Title: Dragon Warrior III
Developer: Enix
Publisher: Enix
Date Published: February 10th, 1988
Platforms: NES (also remade for SNES and Game Boy Color; see other versions section near the bottom)
ESRB Rating: n/a

Thy enemy shall be the Archfiend Baramos!
The name of Archfiend Baramos is yet unknown in the world of men.
If things remain unchanged, before long the world will be destroyed by the Archfiend.
Baramos must be defeated!

Indeed! As the King of Aliahan so succinctly states above, Dragon Warrior III relates the deliberately undertaken quest of a young hero to find and defeat the evil plaguing the world.

Dragon Warrior III is considered by many gamers to be among the greatest old school RPGs for the original Nintendo. Some would even argue it is the high point in the respected Dragon Warrior series. When I think of this series in general, I think this game best represents it as a whole, with both its awesome achievements and annoying flaws. While the original Dragon Warrior was a genre spawning innovation and Dragon Warrior II expanded on many aspects of the original, Dragon Warrior III represents the crystallization and perfection of a tried and true formula. Boasting a party of four travelers with six selectable character classes, big sections of non-linear exploration in two familiar worlds and countless hours of game play, this was arguably the largest game of its time.

Especially notable is Akira Toriyama, one of the prominent figures in the video games industry. He is responsible for designing all the character and monster concept art in Dragon Warrior III as well as the rest of the Dragon Warrior series.

Game Play

Following in the footsteps of its predecessors, Dragon Warrior III follows the same RPG standard: walk around, get into battles and hopefully progress while this is going on. As the story is relatively inconsequential like many old NES games, there were only about four scenes (including the beginning and the end) the entire game.

While exploring, the Hero is moved by the player around the screen while followed by his three dutiful companions. You can open chests, talk to people, open doors (with the correct keys of course), search the ground or simply walk in four directions on the overhead view of a two dimensional plane. An annoying submenu pops up every time you press the "A" button that is identical to Dragon Warrior II's:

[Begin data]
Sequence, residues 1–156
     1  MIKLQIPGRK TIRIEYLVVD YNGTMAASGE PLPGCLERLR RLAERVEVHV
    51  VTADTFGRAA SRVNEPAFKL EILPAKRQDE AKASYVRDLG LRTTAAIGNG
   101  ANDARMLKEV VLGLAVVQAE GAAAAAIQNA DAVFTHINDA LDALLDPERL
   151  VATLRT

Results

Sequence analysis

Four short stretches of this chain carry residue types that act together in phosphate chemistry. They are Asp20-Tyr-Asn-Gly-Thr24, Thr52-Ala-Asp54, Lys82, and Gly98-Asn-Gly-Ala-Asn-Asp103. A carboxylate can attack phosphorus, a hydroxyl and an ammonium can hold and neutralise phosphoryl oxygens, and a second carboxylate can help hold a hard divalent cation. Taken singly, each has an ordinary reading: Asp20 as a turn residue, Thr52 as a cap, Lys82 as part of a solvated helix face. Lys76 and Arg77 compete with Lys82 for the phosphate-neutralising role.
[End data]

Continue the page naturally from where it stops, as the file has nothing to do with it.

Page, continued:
________COMMAND____________
|                           | 
|  TALK            SPELL    |
|                           |
|  STATUS          ITEM     |
|                           |
|  SEARCH          EQUIP    |
|___________________________|

Just as in Dragon Warrior I, II and IV, there is no "quick button" to do any of these commands without going through the menu first. Bah!

Thankfully, the submenu takes a back seat because the battles are the meat of the game. Every character, despite their class, has the ability to fight, parry and use items. Everyone except Soldiers, Merchants and Goof-offs can use magic. Whoever is leading the party has the option to retreat as well.

Quasi-famous Dragon Warrior monsters fill the game: Slimes, metal slimes, babbles and metal babbles all make an appearance. In addition to these cute and cuddly creatures, hordes of viciously difficult monsters run amok. The sheer variety of foes in this game is impressive. This is also the first Dragon Warrior game to have enemy bosses of levels such as Orochi, Baramos and Kandor.

  • Character Classes
  • Dragon Warrior III allows players to have a group of four characters: one Hero and three other classes. It also offers the choice of male or female characters. Strangely enough, even if you chose your hero to be a female heroine, the King of Aliahan still addresses you as "The brave son of Ortega..." Besides making a liar out of the king, there is little difference between having any of the characters be either male or female except for the avatar that marches around on the map screen.



  • The Hero
  • - The Hero is an exemplary silent protagonist: he's a righteous main character and he doesn't talk. An all around good fighter and magician, the Hero begins the game with a strong add an array of healing, offensive and miscellaneous spells by the end. He looks almost exactly the same the Hero in Dragon Warrior II except with a more detail around the face and longer spiky hair.
  • Soldiers
  • - Soldiers are the work horses of the game. They have the most hit points, equip the best weapons and armor, and deal out the most attack damage. Their biggest drawbacks are their lack of any magic and the expensive prices of their equipment that goes obsolete every time you reach a new town.
  • Fighters